For example, this past Sunday was all about “Jesus the healer.” The sermon text, Mark 7:24-37, tells two stories of Jesus healing different people. The reading from Isaiah 35:3-7 is an ancient prophecy of the Messiah who would come and bring healing to the blind, the deaf, the lame, and the mute. The songs we sang reminded us of Jesus’s ability to bring healing in all areas of life: physical, spiritual, emotional, and so on. Through his sacrificial death and resurrection, Jesus gives us abundant life even in the midst of difficult circumstances.
So our responsive reading, which came very early in the service, needed to set the tone for the rest of the service. We needed to hear Psalm 146 proclaim its ancient truth:
God “upholds the cause of the oppressed and gives food to the hungry. The Lord sets prisoners free, the Lord gives sight to the blind, the Lord lifts up those who are bowed down, the Lord loves the righteous. The Lord watches over the alien and sustains the fatherless and the widow, but he frustrates the ways of the wicked.” (Psalm 146:7-9 NIV)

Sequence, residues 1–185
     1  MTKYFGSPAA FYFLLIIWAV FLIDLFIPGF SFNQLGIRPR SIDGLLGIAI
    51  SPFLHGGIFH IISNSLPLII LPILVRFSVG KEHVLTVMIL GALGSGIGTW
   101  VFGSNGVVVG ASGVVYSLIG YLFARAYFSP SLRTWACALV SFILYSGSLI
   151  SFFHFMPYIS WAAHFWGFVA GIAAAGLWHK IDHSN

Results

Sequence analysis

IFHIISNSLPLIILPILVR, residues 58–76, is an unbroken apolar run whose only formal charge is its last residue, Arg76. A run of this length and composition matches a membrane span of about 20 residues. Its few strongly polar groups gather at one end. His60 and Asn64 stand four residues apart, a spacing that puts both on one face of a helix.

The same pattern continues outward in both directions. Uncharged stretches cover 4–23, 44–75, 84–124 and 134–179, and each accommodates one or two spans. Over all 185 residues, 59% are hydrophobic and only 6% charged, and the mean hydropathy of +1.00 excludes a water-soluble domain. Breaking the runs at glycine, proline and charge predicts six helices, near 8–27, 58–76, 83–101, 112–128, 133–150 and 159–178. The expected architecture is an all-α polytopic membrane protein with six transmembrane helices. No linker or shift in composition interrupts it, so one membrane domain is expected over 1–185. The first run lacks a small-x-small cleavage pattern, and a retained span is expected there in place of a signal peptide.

All of this is to remind you that our worship services are not cobbled together by accident. Each service has a theme, a guiding principle, something that draws together every piece of what we do. That theme is printed in the bulletin at the beginning of the service. Just this morning, Stacy (our wonderful secretary) had the idea to include the theme on the electronic presentations that run before the service, both in the sanctuary and in the narthex. That way, you will have more opportunities to see the theme of the day and to begin thinking and praying about it, even as you get settled in your seat in the sanctuary.
I hope this helps you to worship at Mt. Haley. Worship is one of the most important things we do as a community of faith! Thanks for being part of this experience with us.